consumer sovereignty


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consumer sovereignty

the power of CONSUMERS to determine what is produced since they are the ultimate purchasers of goods and services. In general terms, if consumers demand more of a good then more of it will be supplied. This implies that PRODUCERS are ‘passive agents’ in the PRICE SYSTEM, simply responding to what consumers want. In certain kinds of market, however, notably, OLIGOPOLY and MONOPOLY, producers are so powerful vis-à-vis consumers that it is they who effectively determine the range of choice open to the consumer. See REVISED SEQUENCE.
References in periodicals archive ?
The Citizens United for Consumer Sovereignty, a Seoul-based civic group, filed a suit against Apple and Apple Korea earlier this month on behalf of 122 people seeking compensation of 2.
Apple (AAPL), down fractionally after CNBC reported that South Korean consumer group Citizens United for Consumer Sovereignty has filed a criminal complaint against Apple CEO Tim Cook.
Standard economic analysis of regulations relies on the concept of consumer sovereignty and traditionally treats market participants as if they are rational actors.
But as long as consumer sovereignty is an intensely promoted principle, many do not even realize that their supremacy is an illusion.
As the business environment continues to evolve, consumer sovereignty reigns and continues to influence the market forces.
A fourth explanation, linked closely to this promotion agenda, revolves around the notion of consumer sovereignty, which views individual consumer choice as the principal source of production, pricing, and regulatory decisions by business and governments (Princen 2010a).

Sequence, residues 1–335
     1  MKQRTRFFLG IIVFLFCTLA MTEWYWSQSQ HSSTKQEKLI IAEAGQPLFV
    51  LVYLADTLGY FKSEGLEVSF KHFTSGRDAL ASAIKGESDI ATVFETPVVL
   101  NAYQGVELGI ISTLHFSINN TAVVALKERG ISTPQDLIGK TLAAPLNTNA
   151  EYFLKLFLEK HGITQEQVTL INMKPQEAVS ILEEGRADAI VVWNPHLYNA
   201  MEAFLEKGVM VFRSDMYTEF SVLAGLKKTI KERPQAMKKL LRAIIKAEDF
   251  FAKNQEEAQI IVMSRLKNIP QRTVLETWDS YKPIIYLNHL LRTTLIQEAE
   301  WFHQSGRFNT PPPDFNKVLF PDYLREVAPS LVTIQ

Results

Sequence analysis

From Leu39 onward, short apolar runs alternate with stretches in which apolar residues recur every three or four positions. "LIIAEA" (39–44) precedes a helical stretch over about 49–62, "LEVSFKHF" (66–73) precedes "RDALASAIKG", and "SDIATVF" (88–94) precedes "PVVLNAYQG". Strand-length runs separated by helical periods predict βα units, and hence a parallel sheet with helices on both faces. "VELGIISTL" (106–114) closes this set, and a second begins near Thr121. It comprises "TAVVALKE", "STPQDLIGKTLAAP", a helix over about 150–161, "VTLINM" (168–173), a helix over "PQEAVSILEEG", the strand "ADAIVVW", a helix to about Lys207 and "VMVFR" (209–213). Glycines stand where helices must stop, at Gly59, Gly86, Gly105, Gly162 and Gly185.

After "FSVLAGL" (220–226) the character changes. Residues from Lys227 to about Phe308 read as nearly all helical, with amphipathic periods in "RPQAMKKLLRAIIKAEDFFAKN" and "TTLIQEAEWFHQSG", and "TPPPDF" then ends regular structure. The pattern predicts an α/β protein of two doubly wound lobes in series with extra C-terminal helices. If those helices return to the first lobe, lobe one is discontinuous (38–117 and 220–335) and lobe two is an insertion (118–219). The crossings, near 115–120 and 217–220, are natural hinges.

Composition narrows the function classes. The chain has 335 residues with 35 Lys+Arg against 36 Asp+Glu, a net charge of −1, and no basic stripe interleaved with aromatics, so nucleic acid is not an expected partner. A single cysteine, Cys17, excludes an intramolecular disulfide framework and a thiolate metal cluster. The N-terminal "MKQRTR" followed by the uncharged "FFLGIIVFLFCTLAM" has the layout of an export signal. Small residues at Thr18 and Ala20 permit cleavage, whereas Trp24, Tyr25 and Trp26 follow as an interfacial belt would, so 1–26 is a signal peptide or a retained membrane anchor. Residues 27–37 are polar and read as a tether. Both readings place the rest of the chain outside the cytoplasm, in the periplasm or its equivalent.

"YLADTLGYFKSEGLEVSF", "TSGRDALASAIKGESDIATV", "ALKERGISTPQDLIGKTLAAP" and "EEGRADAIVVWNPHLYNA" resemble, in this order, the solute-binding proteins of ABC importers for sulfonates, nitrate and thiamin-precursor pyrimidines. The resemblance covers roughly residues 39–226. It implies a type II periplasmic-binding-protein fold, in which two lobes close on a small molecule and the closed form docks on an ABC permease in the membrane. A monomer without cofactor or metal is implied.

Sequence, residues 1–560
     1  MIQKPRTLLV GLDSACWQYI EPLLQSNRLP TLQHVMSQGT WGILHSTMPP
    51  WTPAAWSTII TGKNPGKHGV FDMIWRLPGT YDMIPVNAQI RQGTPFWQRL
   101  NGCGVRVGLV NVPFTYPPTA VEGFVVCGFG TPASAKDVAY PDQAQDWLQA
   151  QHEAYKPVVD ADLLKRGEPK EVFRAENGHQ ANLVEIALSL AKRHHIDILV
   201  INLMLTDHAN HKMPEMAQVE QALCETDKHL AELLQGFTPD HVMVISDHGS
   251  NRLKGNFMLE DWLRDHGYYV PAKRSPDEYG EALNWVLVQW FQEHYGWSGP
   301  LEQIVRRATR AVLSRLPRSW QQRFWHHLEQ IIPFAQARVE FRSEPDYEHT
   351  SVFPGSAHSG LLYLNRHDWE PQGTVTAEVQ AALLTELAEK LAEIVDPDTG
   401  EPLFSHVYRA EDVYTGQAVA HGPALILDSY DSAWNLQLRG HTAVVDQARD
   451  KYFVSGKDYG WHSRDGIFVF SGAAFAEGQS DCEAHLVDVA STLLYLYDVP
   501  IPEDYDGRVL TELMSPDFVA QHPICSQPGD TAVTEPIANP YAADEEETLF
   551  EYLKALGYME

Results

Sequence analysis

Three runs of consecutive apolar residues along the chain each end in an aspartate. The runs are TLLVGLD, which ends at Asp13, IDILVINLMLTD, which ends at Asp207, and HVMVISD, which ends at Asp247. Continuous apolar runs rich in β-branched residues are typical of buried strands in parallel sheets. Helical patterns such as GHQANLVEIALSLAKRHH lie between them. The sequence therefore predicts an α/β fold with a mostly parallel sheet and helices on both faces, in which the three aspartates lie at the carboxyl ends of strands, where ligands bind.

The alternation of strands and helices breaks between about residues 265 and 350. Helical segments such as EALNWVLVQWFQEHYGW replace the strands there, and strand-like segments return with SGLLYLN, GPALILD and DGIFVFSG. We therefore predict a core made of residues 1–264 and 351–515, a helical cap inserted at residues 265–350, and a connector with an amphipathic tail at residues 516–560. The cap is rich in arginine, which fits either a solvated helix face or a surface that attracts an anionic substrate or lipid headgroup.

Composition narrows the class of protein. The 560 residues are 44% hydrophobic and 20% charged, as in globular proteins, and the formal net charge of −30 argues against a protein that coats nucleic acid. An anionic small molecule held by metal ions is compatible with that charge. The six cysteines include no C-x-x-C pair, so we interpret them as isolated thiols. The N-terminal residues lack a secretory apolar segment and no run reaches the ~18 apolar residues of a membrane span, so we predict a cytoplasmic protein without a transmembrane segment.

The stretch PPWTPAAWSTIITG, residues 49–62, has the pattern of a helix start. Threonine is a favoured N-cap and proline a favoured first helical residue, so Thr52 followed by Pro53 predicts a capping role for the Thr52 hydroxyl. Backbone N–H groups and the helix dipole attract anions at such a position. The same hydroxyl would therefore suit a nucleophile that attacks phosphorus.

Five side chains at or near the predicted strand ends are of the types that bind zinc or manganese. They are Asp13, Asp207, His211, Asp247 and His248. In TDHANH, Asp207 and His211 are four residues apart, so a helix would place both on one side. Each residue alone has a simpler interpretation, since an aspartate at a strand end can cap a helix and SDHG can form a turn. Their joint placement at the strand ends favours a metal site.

Volume 3 examines areas including the political demise of the property tax, consumer sovereignty and quasi-market failure, and corruption and economic growth.
Americans who exercise consumer sovereignty wherever Barack Obama still tolerates it are constantly disappointing him.
In part, this resistance is aided by the economic concept of consumer sovereignty (CS) and its presumption that choice promotes wellbeing.
In an autonomous society one must have a true market with consumer sovereignty.
Britain's transformation under Margaret Thatcher into a supposedly post-industrial society orientated towards consumer sovereignty was paid for with revenues from the North Sea oil industry, an industry conveniently out of sight and out of mind for many.
In the eighth chapter, Laurence Murphy documents the shift from "roll-back" neo liberalism and the dismantling of the welfare state in the 1980s in New Zealand to the "roll-out' neoliberalism in the 1990s which centered on the instititutionalisation of market processes, competition and consumer sovereignty within new state regulatory and governance structures.